Johns Hopkins Gazette: November 28, 1994

Program Helps Women Adjust to Life Outside Homeless Community
By Christine Rowett

     At My Sister's Place, volunteer companions act as mentors to
mentally ill homeless women who are close to finding permanent
     "One of the effects of mental illness is that you lose
social skills," explained the Rev. Tom Bonderenko, administrator
of food and shelter programs for Catholic Charities, which
operates the daytime drop-in center. "We link up one woman in the
community with one woman who has mental illness so they have
someone to talk to. They can learn to trust."
     There are currently 12 mentors participating in the Compeer
Program, which was established to help women readjust to life
outside the homeless community.
     "We use the program to reconnect them with the community,"
Bonderenko said. "The success of the program is that they keep
contact with their mentor."
     The Compeer Program is just one facet of My Sister's Place,
the Mulberry Street center that opens its doors each day at 9
a.m. and closes them at 4 p.m. On average, between 40 and 50
guests go to the center daily to use laundry and shower
facilities and talk with caseworkers.
     Catholic Charities, which also operates 26 other programs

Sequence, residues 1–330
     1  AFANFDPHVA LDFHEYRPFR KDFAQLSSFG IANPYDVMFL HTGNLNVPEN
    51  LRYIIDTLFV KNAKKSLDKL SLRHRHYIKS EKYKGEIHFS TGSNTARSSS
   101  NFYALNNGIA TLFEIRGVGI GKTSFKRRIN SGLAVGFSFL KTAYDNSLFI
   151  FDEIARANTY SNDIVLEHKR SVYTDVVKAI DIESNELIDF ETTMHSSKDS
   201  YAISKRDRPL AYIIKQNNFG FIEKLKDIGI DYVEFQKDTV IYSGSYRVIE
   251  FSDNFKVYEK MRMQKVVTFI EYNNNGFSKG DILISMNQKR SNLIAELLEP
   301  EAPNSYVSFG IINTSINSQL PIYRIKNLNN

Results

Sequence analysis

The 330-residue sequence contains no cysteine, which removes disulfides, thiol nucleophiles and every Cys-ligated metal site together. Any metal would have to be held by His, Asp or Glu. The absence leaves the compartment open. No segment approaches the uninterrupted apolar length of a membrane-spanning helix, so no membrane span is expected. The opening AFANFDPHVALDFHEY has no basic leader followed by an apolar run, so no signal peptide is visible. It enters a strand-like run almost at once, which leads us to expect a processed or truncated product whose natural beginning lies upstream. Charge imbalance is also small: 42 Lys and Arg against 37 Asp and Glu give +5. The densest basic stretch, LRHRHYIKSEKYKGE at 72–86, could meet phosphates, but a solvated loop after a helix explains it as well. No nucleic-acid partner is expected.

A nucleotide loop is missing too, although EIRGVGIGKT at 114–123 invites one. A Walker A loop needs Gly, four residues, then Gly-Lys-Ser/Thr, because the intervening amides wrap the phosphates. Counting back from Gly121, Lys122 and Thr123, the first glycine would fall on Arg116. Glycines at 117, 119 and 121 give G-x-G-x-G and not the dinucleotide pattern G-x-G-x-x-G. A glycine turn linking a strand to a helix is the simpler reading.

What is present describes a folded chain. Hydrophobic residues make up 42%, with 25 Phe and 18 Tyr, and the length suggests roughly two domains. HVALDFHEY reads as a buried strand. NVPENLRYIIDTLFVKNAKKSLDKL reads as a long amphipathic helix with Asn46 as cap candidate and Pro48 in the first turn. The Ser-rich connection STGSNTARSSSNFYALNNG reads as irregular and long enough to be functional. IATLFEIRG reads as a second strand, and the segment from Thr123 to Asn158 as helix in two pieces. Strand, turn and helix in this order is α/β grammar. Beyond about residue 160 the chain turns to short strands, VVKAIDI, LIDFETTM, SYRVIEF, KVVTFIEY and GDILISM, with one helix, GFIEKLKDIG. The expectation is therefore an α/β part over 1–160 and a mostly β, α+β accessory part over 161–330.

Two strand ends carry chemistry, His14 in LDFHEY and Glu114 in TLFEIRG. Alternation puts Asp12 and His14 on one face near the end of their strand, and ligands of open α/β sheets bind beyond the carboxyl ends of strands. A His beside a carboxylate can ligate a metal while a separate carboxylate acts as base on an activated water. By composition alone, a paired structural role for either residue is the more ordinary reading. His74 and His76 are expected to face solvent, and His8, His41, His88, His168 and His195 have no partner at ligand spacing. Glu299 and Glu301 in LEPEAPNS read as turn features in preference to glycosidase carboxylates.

throughout Maryland, is one of more than 115 service agencies
that will benefit from Hopkins' United Way contributions.
     My Sister's Place has been in operation for about 10 years,
and the center is open every day of the year including all
holidays. In the afternoon when it closes, some of the guests go
stay with friends or relatives, Bonderenko said.
     "Many of them go to shelters," he said. "Some just wander
the streets." 
     The affiliated My Sister's Place Lodge does provide housing
for homeless women with chronic mental illness.
     The agency has a staff of seven full-time employees and a
network of about 30 volunteers, who welcome the guests and offer
them coffee or a chance to talk.
     Bonderenko said there is no shortage of guests at the
center, and volunteers are always welcome.
     "There are greater needs than there are resources," he said.
"That can get discouraging."
     In another part of the United Way campaign, the third and
final lottery open to university employees who pledged $35 or
more was held last week.
     James A. Fill at the School of Engineering won the first
prize: one night for two at the Cross Keys Inn. The second prize
of dinner and a show for two at Toby's Dinner Theatre was won by
Charles R. O'Melia, also at the School of Engineering. 
     James Martino at the School of Arts and Sciences garnered
the third prize of dinner and a show for one at the Towsontown
Musical Dinner Theatre.
     The fourth prize of two tickets to the Baltimore Symphony
Orchestra went to Ann G. Prime-Monaghan at the School of
Continuing Studies. And Elliot R. McVeigh at the School of
Medicine won the fifth prize of a $50 gift certificate to
Radebaugh and Sons Florists.
     All the lottery prizes were donated by suppliers. The three
contests were held to encourage early participation in the

     University staff and faculty have reached 86.9 percent 
of their goal, pledging $482,934. The hospital has raised
$175,991. APL has raised $329,103.

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